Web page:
Navigant Research Blog

Two Faces of the Fuel Cell Industry

Kerry-Ann Adamson — October 11, 2013

Some segments of the fuel cell industry are starting to accelerate, with order books bulging, high-visibility installations going in, and success stories piling up.  In others, this increasing visibility is leading to press releases full of promise, but not much substance.

Compare and contrast these two recent press releases:

“FuelCell Energy Announces Teaming and Co-Marketing Agreement With NRG Energy”  – This release describes a concrete agreement that includes all the necessaries, such as financing options, the right to run under power purchase agreements (PPAs), etc.  Not exactly sexy stuff, but critical and, more importantly, real.

“Can the Cube corner the market on fuel cells for buildings?” – This involves a 1-year old company called Redox Power, and its product, The Cube, which is full of, well, nothing.  For a start-up, Redox Power has managed to garner an incredible amount of headlines, without actually releasing any details.  Important stuff, such as time to market, availability, and capital needed to get from here to there, are totally missing.  My favorite is the much parroted statement, “costs 90% less than fuel cells currently on the market,” which means absolutely nothing.  Fuel cells on the market today range from $120 for a Horizon Minipak to a couple of million dollars for a ClearEdge Power Purecell Model 400.  So, 90% less than what, please?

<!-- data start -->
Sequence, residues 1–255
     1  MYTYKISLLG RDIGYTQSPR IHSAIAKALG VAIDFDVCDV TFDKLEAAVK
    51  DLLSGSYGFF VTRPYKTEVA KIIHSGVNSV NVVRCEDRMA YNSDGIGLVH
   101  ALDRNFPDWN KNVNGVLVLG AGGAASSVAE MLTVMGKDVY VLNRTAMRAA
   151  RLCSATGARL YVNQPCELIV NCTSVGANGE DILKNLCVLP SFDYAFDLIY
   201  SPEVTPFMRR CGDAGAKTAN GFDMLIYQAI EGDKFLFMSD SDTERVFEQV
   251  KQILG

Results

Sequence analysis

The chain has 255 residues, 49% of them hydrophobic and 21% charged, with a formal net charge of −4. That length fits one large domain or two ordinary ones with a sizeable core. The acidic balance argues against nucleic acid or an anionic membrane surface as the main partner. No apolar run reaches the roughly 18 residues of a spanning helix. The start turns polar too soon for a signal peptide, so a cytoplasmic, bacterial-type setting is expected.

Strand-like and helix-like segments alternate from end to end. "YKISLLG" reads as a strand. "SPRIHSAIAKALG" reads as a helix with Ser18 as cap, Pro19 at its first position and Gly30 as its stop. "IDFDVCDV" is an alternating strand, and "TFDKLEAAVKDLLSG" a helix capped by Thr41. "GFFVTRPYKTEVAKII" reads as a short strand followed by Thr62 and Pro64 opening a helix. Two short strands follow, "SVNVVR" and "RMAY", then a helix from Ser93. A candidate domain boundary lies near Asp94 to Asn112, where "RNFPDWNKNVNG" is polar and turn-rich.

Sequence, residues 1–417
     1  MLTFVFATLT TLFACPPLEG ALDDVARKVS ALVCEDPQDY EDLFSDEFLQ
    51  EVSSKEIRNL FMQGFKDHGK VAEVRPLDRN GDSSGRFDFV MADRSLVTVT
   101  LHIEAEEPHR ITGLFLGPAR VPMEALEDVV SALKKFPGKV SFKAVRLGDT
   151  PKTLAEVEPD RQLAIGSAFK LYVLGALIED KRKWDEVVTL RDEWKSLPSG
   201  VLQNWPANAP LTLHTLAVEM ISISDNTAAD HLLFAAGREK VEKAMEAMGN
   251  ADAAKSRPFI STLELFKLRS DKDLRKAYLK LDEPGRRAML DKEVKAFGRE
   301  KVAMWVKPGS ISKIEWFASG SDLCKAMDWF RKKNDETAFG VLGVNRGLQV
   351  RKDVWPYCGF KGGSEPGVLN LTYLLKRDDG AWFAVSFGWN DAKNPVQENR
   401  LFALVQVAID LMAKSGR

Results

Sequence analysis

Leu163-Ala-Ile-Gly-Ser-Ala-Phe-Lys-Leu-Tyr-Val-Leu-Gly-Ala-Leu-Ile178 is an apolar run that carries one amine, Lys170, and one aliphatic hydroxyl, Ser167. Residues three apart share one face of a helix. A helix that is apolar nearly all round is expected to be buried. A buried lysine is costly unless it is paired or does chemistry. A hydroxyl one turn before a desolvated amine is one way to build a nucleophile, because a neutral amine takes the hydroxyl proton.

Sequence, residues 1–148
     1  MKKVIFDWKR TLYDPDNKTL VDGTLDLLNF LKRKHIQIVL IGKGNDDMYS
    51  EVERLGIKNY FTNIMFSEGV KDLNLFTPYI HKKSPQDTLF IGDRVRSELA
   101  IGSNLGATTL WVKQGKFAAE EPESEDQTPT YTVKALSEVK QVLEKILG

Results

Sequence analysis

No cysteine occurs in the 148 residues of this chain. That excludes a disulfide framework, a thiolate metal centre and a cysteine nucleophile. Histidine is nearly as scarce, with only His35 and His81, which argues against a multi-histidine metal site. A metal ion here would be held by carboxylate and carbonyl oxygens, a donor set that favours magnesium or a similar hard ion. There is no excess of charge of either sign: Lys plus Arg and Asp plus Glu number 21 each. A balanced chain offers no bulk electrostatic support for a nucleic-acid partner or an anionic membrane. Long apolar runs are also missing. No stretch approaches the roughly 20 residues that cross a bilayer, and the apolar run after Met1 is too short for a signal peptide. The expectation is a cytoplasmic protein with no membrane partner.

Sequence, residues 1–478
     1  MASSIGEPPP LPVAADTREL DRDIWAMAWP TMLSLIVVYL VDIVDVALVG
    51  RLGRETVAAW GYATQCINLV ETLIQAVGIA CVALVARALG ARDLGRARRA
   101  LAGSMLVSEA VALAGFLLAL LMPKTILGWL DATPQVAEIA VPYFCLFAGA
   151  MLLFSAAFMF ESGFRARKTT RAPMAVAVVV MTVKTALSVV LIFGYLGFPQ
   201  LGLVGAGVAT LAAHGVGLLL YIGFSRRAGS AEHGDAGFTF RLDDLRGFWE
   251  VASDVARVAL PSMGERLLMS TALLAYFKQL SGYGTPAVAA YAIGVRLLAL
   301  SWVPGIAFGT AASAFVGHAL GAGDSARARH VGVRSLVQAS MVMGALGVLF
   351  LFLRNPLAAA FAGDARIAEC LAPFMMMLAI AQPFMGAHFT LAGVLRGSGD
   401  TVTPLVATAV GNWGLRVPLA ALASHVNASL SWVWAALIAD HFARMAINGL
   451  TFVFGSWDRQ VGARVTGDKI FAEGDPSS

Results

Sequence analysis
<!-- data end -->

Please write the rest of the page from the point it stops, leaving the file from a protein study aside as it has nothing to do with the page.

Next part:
Game of Fluff

Other companies are also playing the very early-stage fluff game.  GEI, which I wrote about in an earlier blog, also announced a long-term letter of intent way before the market release of a product.  Aquafairy, a 5-year-old company, now, in 2013, being referred to as a start-up, has been talking about a commercial portable fuel cell recharger since 2010, but has yet to release a product.

Unfortunately, the hard work of building the fuel cell industry is just not very glamorous.  For one headline-grabbing installation at eBay, many hundreds of hours of work on financing, optimization, supply chain agreements, grid interconnection concerns, etc., need to happen.   But these items simply do not make good headlines.  Big pronouncements about 90% less cost and 100 MW power plants grab attention.  With these, though, come raised expectations within the finance community, which has already lost its shirt once on the fuel cell sector, and which the sector badly needs to engage with.

The fuel cell industry today really is split in two.  One half includes companies with real products, real costs, and real market opportunities.  In the other half are companies playing a risky game of raising expectations through carefully worded statements based on long-term ambition at best, or, at worst, spin.  Understanding the difference between the two is critical for anyone looking to understand the sector and where the real opportunities for investment are.

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